Although the methodology behind our Proxy Reputation System leverages, and is in accord with, the latest VAST 4.0, VAST 4.1 and VAST 4.2 guidelines — and Pixalate captures all associated header information — Pixalate also utilizes a large variety of additional traffic signals (more than 30 in total) to render our opinions regarding the validity of purported SSAI transactions.
Pixalate nonetheless applauds the IAB’s and MRC’s push towards transparency and the industry standards for SSAI. One reason the OTT/CTV programmatic advertising ecosystem is so susceptible to fraud is that it is too opaque.
Only 26% of all instances of valid SSAI are “transparent,” which Pixalate defines as an impression where the purported SSAI proxy passes at least an X-Device-User-Agent header.
Of course, ideally, we would also receive X-Device-IP (in accordance with VAST 4.1), as well as additional HTTP headers proposed for more transparency by the IAB (e.g., X-Device-Referer and X-Device-Accept-Language).
Simply put, one of the most important determining factors in catching fraudsters is to have access to as much information in the header as possible. Through fully-transparent views into the OTT/CTV ad ecosystem, Pixalate is able to identify and catalog proxies and their behaviors at scale, which enables us to create and optimize our Proxy Reputation System to automatically detect invalid SSAI.
Thus, despite our above-noted proprietary signals and years of innovation, our refined and sophisticated process would not be as successful at detecting fraud in a completely opaque ecosystem.
Pixalate promotes transparency across our solutions, surfacing our SSAI analysis to our clients through 12 distinct, SSAI-specific metrics. These and other metrics are combined with additional SSAI data analysis to inform all of our OTT/CTV-optimized, cross-channel product offerings.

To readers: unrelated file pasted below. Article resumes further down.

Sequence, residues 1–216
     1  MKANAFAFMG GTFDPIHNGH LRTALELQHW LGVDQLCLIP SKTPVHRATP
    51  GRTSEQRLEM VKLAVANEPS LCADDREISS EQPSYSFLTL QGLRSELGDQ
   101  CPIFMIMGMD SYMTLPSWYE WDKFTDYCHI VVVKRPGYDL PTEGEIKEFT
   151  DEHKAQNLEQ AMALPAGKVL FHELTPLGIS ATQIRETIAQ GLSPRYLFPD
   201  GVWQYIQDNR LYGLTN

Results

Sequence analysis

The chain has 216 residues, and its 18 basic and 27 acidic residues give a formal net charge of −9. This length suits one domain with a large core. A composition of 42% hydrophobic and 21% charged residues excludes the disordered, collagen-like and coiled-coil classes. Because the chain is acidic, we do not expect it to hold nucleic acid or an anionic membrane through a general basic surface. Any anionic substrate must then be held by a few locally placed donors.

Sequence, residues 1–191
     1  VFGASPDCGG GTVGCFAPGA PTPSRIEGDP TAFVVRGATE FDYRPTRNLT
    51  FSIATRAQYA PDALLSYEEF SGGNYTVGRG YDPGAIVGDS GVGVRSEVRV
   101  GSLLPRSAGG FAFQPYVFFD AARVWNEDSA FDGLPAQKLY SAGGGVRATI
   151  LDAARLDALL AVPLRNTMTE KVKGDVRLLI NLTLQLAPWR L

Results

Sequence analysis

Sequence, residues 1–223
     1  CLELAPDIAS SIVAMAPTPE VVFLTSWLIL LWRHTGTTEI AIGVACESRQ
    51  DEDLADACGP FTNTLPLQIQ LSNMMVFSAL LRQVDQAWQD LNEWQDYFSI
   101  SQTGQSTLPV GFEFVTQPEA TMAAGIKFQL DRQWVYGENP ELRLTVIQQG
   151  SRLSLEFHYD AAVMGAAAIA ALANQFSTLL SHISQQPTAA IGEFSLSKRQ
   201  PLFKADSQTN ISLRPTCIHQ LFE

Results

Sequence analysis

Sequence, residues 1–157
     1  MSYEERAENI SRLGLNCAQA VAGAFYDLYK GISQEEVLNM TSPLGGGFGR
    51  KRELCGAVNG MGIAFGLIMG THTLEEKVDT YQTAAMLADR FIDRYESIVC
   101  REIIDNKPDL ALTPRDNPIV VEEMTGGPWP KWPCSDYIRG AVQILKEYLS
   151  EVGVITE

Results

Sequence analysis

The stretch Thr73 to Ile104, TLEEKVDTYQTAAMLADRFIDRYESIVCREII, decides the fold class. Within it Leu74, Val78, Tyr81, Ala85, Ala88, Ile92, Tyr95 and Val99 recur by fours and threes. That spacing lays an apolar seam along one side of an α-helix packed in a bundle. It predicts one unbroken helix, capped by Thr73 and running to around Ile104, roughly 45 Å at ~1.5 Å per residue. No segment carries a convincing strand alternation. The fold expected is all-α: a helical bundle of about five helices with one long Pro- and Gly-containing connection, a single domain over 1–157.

Pixalate, the first and currently only company accredited by the MRC for sophisticated invalid traffic (SIVT) detection and filtration in OTT/CTV, has gathered industry experts for a webinar on the use of Server-Side Ad Insertion (SSAI) in OTT/CTV advertising.
On Thursday, July 11, 2019 at 1:00pm ET, Pixalate Product Manager Chris Schwarz will host:
Disclaimer: The content of this blog reflects Pixalate’s opinions with respect to the factors that Pixalate believes can be useful to the digital media industry. Any proprietary data shared is grounded in Pixalate’s proprietary technology and analytics, which Pixalate is continuously evaluating and updating. Any references to outside sources should not be construed as endorsements. Pixalate’s opinions are just that - opinion, not facts or guarantees.
Per the MRC, “'Fraud' is not intended to represent fraud as defined in various laws, statutes and ordinances or as conventionally used in U.S. Court or other legal proceedings, but rather a custom definition strictly for advertising measurement purposes. Also per the MRC, “‘Invalid Traffic’ is defined generally as traffic that does not meet certain ad serving quality or completeness criteria, or otherwise does not represent legitimate ad traffic that should be included in measurement counts. Among the reasons why ad traffic may be deemed invalid is it is a result of non-human traffic (spiders, bots, etc.), or activity designed to produce fraudulent traffic.”